Mad Cows, Mad Sheep, and Punnett Squares (bonus post)

See for the punch line

Since finishing graduate school, I’ve been working as a free-lance science tutor. I tutor a mix of college and high-school students, mostly in Biology, which means I get to know basic bio really, really well. The units also tend to run on roughly the same schedule, so it’s all either photosynthesis or DNA, or more recently, Mendelian Genetics.

The cornerstone tool of Mendelian Genetics is the Punnett Square, which works on the same principle as a multiplication table. The possible genes the mom can give are on one side, and the possible genes the dad can give are on the top (or vice versa). The student is given the parent’s phenotypes (visible traits) and asked to figure out their offsprings’ possible phenotype. For example, the Punnett Square below crosses a white guinea pig (mom) with a black guinea pig (dad), with the black (B) variant of the color gene dominant to the white (b) variant. This means any baby guinea pig with a B variant will be black, and in order to have a white coat, the baby must inherit a b variant from both mom and dad. Of course, for a bio course, the next question is what percentage of the babies will be black and what percentage will be white (50%).

Punnett Squares

Personally, I don’t care much about guinea pigs, so I prefer to focus on something nearer to my heart–namely sheep and infectious disease. See, in addition to raising chickens, my family raised sheep, and I spent a lot of time feeding them, watering them, helping treat their various ailments, and making Punnett Squares for Scrapie resistance/sensitivity in their offspring. Scrapie is the sheep form of “Mad Cow” Disease, and some sheep are naturally resistant to it. This resistance is caused by having a genotype (combination of gene variants) of RR. Sheep with one resistant and one susceptible variant (QR), tend to be resistant as well, while QQ sheep are completely susceptible to Scrapie (4). So we’d run Punnett Squares on each year’s crop of lambs to see which ones we needed to get tested for Scrapie or lab-typed before sale. You can see a typical Punnett Square for our sheep below and guess the results.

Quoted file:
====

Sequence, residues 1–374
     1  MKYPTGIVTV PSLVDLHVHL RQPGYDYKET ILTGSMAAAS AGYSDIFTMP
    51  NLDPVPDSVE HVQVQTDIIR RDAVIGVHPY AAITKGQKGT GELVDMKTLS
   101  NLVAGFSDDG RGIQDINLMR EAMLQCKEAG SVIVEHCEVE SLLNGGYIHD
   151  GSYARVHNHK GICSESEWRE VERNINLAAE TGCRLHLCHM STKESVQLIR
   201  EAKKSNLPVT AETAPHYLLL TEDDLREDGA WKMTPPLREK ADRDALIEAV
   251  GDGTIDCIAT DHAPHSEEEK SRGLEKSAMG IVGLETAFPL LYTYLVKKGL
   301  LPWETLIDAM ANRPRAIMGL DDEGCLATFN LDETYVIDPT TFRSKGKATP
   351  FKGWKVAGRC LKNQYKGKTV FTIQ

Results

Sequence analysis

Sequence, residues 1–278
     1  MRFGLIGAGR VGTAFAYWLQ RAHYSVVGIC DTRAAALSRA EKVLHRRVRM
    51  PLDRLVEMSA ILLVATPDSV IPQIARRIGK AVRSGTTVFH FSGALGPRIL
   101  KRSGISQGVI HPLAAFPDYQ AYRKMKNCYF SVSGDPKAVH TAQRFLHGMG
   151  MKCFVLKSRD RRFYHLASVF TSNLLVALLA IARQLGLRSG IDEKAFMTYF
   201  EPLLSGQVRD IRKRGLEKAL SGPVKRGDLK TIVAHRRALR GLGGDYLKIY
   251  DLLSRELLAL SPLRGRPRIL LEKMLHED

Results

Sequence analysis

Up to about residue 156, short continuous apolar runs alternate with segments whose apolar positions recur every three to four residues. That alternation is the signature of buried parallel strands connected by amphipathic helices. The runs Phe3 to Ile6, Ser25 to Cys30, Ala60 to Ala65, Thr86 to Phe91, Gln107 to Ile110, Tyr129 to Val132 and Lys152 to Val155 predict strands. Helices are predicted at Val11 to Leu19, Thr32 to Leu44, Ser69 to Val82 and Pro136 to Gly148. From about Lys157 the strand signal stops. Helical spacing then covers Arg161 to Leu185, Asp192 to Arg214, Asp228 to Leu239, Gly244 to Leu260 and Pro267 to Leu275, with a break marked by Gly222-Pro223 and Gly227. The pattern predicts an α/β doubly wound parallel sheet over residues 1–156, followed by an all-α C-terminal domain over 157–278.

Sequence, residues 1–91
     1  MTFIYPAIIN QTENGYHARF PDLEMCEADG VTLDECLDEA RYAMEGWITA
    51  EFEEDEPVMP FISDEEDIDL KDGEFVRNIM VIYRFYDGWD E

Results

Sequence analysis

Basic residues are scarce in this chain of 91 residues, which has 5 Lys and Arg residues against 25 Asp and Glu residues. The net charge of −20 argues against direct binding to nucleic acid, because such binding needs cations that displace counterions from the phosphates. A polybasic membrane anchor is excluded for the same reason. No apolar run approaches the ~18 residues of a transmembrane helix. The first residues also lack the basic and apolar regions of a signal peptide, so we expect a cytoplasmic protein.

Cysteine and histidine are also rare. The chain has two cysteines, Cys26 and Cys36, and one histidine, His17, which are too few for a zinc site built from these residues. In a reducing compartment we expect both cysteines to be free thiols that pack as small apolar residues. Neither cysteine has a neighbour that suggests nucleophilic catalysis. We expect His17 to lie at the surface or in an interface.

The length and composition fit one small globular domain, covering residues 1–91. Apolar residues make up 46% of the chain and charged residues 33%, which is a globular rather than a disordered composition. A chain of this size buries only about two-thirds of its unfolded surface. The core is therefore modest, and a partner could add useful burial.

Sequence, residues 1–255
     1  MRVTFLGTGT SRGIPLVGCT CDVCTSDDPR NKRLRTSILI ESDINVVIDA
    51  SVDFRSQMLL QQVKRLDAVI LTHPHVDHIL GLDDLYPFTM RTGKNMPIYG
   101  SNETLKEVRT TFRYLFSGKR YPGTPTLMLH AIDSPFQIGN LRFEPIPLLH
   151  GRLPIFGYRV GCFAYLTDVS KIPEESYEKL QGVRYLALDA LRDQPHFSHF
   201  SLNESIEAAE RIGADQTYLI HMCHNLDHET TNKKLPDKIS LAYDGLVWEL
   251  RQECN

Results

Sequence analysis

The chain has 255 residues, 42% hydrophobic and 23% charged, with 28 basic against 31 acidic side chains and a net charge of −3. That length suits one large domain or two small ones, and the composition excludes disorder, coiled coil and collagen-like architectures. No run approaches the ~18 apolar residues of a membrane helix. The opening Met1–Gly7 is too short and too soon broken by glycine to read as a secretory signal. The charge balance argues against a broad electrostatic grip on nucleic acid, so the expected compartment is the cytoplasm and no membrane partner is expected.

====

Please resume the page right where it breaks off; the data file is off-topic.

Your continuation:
Our Punnett-square approach was successful, and we soon eliminated Scrapie sensitivity from our flock and were able to be certified as Scrapie-free sheep breeders enrolled in the National Scrapie Eradication Program. I also gained a valuable “hook” for curious kids struggling with genetics. It’s hard to beat brain-eating diseases and farmers running Punnett Squares for zaniness.



Scientific Note: both Scrapie and the cow version (BSE) are caused by rogue proteins which can trigger a chain reaction of protein misfolding in the brain they infect. This is inevitably fatal. Humans may be able to contract it from eating contaminated meat (beef has a much stronger link than lamb/mutton) (1,2,3). Deer also have a version of this (Chronic Wasting Disease), and hunters are advised to not eat sick-looking deer.


References and Further Resources:

(1) Bovine Spongiform Encephalopathy (BSE) Questions and Answers. 2015.

(2) Can Scrapie be Transmitted to Humans? (2014)

(3) Evidence for zoonotic potential of ovine scrapie prions. Nature Communications. (2014)

(4) Scrapie Genetics. 2003.

Leave a Reply

Fill in your details below or click an icon to log in: Logo

You are commenting using your account. Log Out /  Change )

Google photo

You are commenting using your Google account. Log Out /  Change )

Twitter picture

You are commenting using your Twitter account. Log Out /  Change )

Facebook photo

You are commenting using your Facebook account. Log Out /  Change )

Connecting to %s